FARGO-Fraser Ltd. seeks what one lawyer calls an urgent appropriation of the state to maintain shelter and care for at-risk youth through its Stepping Stones resource center.
The center, established in Fargo 14 years ago, serves youth 16 and older as well as young adults up to 26, many of whom are homeless and drug addicted; some are suicidal.
Fraser originally requested a $2 million appropriation as part of the budget bill from the North Dakota Department of Health and Human Services, but the amount was reduced to approximately $300,000.
The center serves troubled youth who come to Fargo from across the state, often in crisis and “out of breath,” said Bruce Murry, a Fraser lobbyist.
“Kids are hitting the road, and Fargo is a real magnet for young people in North Dakota,” he said.
Since the pandemic, the Stepping Stones Resource Center has faced an increase in the number of young people seeking help, including accommodation, nutrition, hygiene, mental health stabilization as well as help with work and childcare.
Due to growing demand for services, maintaining assistance at current levels “is not sustainable without support from the state and perhaps other government entities,” Murry said.
“Young adults really struggle,” he said.
Many of those served at Stepping Stones are largely invisible, seeking to avoid the foster care system, said Sandra Leyland, CEO and president of Fraser.
“It often leads to couch jumping, suicide, sex trafficking, drug use and overdose,” Leyland said in written testimony asking for state financial assistance.
During the winter, the Stepping Stones Resource Center is open seven days a week, 24 hours a day, and operating at full capacity, accommodating 20 clients, Leyland said.
“It’s unprecedented,” she said. “That’s our limit.”
The center would provide round-the-clock services year-round if it had the funds, Leyland said. “When a child is in crisis, they need attention immediately,” she said.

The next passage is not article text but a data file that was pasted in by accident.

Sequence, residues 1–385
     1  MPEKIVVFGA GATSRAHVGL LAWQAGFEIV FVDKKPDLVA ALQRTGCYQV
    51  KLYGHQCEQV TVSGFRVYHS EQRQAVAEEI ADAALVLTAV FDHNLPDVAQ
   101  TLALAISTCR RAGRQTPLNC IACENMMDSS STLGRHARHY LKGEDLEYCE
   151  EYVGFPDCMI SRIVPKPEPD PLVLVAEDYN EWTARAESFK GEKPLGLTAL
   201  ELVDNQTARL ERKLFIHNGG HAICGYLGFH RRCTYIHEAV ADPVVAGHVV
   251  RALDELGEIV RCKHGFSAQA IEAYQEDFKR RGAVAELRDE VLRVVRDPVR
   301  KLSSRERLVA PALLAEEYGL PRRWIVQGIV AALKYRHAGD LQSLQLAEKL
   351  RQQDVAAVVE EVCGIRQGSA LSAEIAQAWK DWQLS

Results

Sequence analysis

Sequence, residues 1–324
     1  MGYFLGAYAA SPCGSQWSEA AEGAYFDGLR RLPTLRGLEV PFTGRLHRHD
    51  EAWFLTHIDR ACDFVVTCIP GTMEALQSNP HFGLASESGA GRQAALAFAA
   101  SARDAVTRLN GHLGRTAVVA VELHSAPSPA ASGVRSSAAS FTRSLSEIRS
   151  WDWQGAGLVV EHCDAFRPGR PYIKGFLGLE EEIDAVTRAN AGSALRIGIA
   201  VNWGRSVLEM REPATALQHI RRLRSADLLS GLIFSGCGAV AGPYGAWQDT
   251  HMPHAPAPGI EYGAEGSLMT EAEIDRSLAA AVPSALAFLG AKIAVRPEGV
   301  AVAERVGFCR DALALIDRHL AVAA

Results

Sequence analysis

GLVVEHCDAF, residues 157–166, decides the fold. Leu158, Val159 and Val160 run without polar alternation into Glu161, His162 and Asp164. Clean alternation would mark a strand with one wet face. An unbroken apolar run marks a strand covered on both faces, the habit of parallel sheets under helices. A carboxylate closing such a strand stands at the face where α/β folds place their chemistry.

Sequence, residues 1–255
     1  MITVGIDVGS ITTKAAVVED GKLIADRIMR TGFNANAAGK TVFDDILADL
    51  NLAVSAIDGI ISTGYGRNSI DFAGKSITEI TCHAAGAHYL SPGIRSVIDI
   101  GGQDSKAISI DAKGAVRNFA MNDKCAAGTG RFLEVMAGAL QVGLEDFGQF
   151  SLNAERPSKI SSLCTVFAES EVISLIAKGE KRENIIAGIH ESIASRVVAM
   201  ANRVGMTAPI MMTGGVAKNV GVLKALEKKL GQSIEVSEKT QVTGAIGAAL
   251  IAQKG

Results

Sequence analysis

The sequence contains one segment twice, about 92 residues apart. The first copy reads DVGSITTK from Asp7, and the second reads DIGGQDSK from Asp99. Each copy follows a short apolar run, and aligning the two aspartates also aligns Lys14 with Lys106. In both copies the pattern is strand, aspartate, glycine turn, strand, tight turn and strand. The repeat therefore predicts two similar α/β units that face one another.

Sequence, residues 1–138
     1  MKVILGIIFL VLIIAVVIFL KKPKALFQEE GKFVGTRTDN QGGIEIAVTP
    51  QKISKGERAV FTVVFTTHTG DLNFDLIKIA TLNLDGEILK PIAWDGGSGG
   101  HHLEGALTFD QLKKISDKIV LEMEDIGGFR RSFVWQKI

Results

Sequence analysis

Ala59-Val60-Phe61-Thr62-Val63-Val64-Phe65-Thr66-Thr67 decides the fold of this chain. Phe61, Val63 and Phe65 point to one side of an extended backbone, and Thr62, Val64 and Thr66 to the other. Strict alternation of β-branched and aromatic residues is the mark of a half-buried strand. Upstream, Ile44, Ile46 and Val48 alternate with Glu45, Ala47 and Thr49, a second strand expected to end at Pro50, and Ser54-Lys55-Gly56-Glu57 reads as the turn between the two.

The vast majority of the recovery center’s funds – 88% – come from donors, grants and in-kind contributions. The remaining 12% comes from state aid.
Although lawmakers rejected $2 million, there appears to be support for providing $300,000 from funds the state received from the federal government through the American Rescue Plan Act, a bill COVID-19 relief, Murry said.
This level of funding, he said, would provide “basic life support, hopefully enough to replace dwindling donations.” He added: “It’s very urgent.”
A $300,000 appropriation for the next biennium that a subcommittee of the House Appropriations Committee is expected to consider early the week of April 10 would send the message that the state supports Fraser’s services, Murry said. .
The funding would be attached as an amendment to Senate Bill 2012, a budget bill for the North Dakota Department of Health and Human Services.
Even if the appropriations envisaged are much lower than those requested, they would still help pay for the costs of running the services, Leyland said.
“We have a very meager budget,” she said. Crisis services provided by the Stepping Stones Resource Center helped prevent some admissions to local psychiatric hospitals, according to Fraser.
Among young people seeking help at the Stepping Stones Resource Center, 79% had a mental health diagnosis, 62% had a drug addiction diagnosis and 30% were survivors of human trafficking, according to Erica Markle, administrator of the center’s transitional services program for young people.
“Many young people have informed me that they plan to end their lives before entering our services,” Markle said in written testimony.
Fraser’s credit request is strictly to pay for operating expenses of the programs and not to help pay for a new $6 million building that will allow Stepping Stones to expand its services, Leyland said.
The building is closed, but Fraser needs $2.5 million to complete the project. “The money is flowing in,” Leyland said. “We are getting closer. We need money to complete the building.
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